I evaluated a patient with right knee and shoulder pain. Who was an avid golfer. After a systematic review of the patient’s history, it was apparent that he had undertaken a new golf drill to improve the power of his golf swing when using the golf driver. The golf swing drill is repeatedly swinging the golf club to hit a sandbag. The thought is the drill improves strength and power increasing the distance of his golf drive. Observing him perform the drill it was obvious the deceleration forces hitting the sandbag were extreme. The shock was transferred to his right knee and shoulder. I did not need the new technology to suggest he avoid this drill. I heard the sound. I saw the shimmy or the legs and arms. It would have been nice if I could have used the technology to quantity the shock to his knee and shoulder.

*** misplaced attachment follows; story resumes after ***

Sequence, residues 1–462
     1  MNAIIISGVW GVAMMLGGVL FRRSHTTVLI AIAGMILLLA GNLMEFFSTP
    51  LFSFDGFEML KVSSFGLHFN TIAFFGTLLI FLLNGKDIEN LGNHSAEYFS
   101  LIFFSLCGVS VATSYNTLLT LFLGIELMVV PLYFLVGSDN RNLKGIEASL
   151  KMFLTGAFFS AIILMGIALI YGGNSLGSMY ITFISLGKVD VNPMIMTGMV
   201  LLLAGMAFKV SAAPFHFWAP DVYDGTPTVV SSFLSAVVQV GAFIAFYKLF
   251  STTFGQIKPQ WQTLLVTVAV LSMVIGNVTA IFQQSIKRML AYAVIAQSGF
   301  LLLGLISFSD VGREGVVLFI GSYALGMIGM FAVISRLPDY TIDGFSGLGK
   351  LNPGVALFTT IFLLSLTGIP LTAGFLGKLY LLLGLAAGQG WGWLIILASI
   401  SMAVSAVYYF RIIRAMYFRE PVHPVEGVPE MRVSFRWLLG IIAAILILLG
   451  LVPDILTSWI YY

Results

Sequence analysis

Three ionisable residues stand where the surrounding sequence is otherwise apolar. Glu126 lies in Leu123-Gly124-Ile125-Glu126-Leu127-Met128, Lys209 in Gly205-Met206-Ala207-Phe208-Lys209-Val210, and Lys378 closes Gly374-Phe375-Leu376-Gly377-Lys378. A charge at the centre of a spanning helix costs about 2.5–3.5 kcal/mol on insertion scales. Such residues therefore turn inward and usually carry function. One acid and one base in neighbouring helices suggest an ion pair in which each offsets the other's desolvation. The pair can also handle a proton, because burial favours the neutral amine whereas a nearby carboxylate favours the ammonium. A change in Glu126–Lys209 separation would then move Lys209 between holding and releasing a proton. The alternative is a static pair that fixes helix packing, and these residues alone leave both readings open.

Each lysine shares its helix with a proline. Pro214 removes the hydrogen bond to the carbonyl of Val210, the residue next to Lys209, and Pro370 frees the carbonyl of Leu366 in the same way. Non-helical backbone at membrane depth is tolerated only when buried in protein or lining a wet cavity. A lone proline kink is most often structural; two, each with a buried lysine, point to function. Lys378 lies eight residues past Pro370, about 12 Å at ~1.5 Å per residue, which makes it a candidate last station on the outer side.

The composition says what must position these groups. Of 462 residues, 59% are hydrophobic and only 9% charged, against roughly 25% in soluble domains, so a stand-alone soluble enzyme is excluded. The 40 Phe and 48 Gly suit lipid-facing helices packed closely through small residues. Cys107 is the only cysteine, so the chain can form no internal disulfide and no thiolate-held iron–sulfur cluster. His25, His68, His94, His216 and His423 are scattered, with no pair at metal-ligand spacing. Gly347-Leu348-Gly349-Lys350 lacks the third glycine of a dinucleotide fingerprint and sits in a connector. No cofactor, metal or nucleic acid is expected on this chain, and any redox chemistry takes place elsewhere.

Clomping and stomping when walking or running can be a sign of potentially deviant deceleration forces. Clomping and stomping is not a function of body weight. A small child often sounds loud when walking. It is the manner of walking. Loud walkers’ runners may experience relatively high shock impact loading forces. A few studies (here & here) have shown listening to the sound of a foot strike can be simple poor mans’ accelerometer. The louder the sound the greater the deceleration forces.
Clomping - Stomping - Loud Walking/Running